“Never dust the day of a dinner party.”
That’s the mantra interior designer Tanya Capaldo lives by when she entertains friends and family in the St. Botolph–area brownstone she shares with her partner, private equity manager Tom Caracciolo. “I always want people to feel like they can touch things,” says Capaldo, who tends to offer a familiar pat on the arm as she chats. Her outlook makes even more sense when you consider her background: Before embracing her passion for interior design, Capaldo spent many years in the culinary industry, eventually running her own personal-chef-and-catering business, Mod Cuisine. Hospitality remains paramount. “I don’t want my home to have the feeling of being precious or breakable,” she says.
And yet Capaldo did have to break a lot of structural bones to imbue the 2,000-square-foot space with the breezy elegance it has now. The couple moved in last November, following a five-month gut job that was intended to bring their two-floor home within an 1885 brownstone “back to its sense of grandeur,” Capaldo says. The previous owner hadn’t updated the space in decades, and Capaldo’s pre-renovation photos reveal an overstuffed diorama of 1970s kitsch (picture the Partridge family living in a house from Hoarders). From the garish dollhouse wallpaper to the dated wall-to-wall orange shag carpeting, the home’s décor was completely at odds with Capaldo’s comfortable minimalist sensibility.
So Capaldo embarked on a plan that would honor the Victorian-era architecture of the building while complementing the couple’s collection of modern art and mostly midcentury furnishings. It had to be relaxed, not the kind of austere, museumlike setting that “seems like it should be behind velvet rope,” Capaldo says. After all, the couple had moved to Boston from Connecticut so they could be closer to Caracciolo’s three high school– and college-aged sons, who live in Maine full time but visit often. Today the duplex home features a parlor level perfect for entertaining, and a Zenlike master suite downstairs perfect for decompressing.
To create a more functional main living area, Capaldo combined two rooms, replacing the interrupting wall with an arch that subtly defines the living and dining spaces. To the arch’s base Capaldo added period-appropriate, ornately carved vintage corbels she procured through Connecticut antiques dealers. The airier layout also emphasizes the home’s only original feature: the gorgeous stained-glass panels in the bay windows’ transom units. Charles J. Connick, the famed stained-glassmaker whose work adorns landmarks like St. Patrick’s Cathedral, housed his long-running Boston studio in the St. Botolph Street district, and Capaldo believes these panels are among the last surviving examples of his work in the neighborhood.
For the living area, guest bedroom, and downstairs master suite, Capaldo pulled together elegant but diverse accents. The smooth curves of midcentury furnishings, like a stone scroll coffee table from Karl Springer, are juxtaposed with the jagged lines of a contemporary faceted cabinet by Somerville custom-furniture designer Paul Cusack, and industrial-chic sculptural lighting from Brooklyn-based designer Lindsey Adelman. The home’s creamy neutral color palette is enhanced by surprising moments of color and texture, including accent walls adorned with handpainted Anya Larkin paper. The home boasts an impressive modern-art collection, procured in large part through Newbury Street’s DTR Modern Galleries: Guests are greeted by Andy Warhol’s colorful Annie Oakley (from his Cowboys and Indians series), dine near a large Volker Hueller piece depicting abstract debauchery, then gather by a marble fireplace that bears the splashy work of Bulgarian experimental artist Houben R. T. But it’s not all museum-worthy work. Over the couch hangs a Capaldo original, a Blick Art canvas layered with textured gray paint. She made it in a pinch to fill the space. “Tom always gets a kick out of it, when someone says how much they love it,” Capaldo says with a laugh.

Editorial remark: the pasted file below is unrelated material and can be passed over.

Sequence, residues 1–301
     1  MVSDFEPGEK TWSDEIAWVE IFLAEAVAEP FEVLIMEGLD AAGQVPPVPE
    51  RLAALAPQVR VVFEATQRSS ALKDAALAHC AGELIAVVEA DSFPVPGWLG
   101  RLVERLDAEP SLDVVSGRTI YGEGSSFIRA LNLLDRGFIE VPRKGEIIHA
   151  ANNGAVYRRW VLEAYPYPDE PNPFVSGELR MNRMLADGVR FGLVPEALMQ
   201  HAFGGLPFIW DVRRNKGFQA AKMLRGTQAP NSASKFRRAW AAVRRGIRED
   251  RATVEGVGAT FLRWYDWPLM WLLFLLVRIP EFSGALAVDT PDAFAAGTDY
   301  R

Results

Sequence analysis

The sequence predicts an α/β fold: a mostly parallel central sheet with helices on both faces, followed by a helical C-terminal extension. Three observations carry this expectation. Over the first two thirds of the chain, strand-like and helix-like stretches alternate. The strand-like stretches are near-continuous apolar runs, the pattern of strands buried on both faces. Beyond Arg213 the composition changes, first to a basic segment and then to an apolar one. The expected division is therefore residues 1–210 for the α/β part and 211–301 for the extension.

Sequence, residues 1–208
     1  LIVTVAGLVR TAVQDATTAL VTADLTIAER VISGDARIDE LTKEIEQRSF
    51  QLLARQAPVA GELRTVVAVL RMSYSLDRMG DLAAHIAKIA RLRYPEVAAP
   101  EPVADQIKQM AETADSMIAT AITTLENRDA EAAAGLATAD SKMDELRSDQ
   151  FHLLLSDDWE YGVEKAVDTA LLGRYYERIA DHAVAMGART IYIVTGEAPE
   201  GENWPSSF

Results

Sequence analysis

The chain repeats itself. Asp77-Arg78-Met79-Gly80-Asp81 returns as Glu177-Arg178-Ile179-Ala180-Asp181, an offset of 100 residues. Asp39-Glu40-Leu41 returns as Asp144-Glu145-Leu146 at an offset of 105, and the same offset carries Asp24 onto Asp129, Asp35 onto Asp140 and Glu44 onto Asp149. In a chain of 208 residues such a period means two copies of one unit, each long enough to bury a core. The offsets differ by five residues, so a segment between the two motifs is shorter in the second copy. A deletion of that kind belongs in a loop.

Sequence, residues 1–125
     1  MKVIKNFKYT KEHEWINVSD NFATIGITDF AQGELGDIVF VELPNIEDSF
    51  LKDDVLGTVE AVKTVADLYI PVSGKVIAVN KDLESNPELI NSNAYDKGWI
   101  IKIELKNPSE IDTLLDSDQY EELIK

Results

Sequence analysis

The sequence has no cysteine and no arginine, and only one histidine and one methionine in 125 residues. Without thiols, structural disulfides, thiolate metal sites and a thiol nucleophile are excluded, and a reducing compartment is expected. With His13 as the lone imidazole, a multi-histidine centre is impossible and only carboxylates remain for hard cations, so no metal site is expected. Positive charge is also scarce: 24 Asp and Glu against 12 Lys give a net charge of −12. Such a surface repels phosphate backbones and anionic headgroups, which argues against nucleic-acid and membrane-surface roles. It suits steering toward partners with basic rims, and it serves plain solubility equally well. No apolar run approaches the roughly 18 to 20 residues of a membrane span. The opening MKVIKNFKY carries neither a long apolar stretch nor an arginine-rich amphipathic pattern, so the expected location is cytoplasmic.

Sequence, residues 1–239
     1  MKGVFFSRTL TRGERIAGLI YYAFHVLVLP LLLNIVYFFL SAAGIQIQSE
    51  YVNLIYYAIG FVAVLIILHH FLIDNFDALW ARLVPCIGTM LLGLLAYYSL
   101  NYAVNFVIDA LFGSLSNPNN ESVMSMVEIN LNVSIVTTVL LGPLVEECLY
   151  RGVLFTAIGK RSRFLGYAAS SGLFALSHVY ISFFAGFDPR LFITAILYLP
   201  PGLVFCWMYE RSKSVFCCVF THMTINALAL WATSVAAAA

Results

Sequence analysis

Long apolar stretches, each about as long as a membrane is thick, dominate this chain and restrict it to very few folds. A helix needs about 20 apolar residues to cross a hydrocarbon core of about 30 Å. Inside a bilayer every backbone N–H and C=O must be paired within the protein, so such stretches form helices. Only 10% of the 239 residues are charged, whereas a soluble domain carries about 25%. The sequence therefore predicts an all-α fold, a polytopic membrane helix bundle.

That playful improvisation owes something to Capaldo’s earliest interiors influence—her mother, an interior designer who also owned a china shop. “I remember she once hosted a dinner party using the spare, set-less plates from the shop,” Capaldo says. “Everyone had different china, but the table was linked by common white linens and a centerpiece of branches gathered from the backyard. Out of juxtaposition came cohesion.”
Naturally, and as befitting her culinary background, Capaldo’s French-inspired kitchen is both highly utilitarian and warm: The honed Carrara marble countertops, handblown glass pendant lights, and Mauviel copper cookware complement the white tile and 48-inch stainless steel Wolf range. To make the space even more welcoming, Capaldo relocated a staircase to make room for a casual seating area with a TV, and added a “quote wall,” where guests have hung handwritten sayings by everyone from Gandhi to Oprah. The dinner plates and stemware are housed in glass-paneled cabinetry and on open shelving as an invitation to guests: Help yourself.
“I want guests to feel at home, like they can make themselves a drink without needing to ask for permission,” says Capaldo, not a stitch of dust in sight.
Builder Roberts Design & Construction
Custom Furniture Cusack Design
Interior Designer Tanya Capaldo Designs
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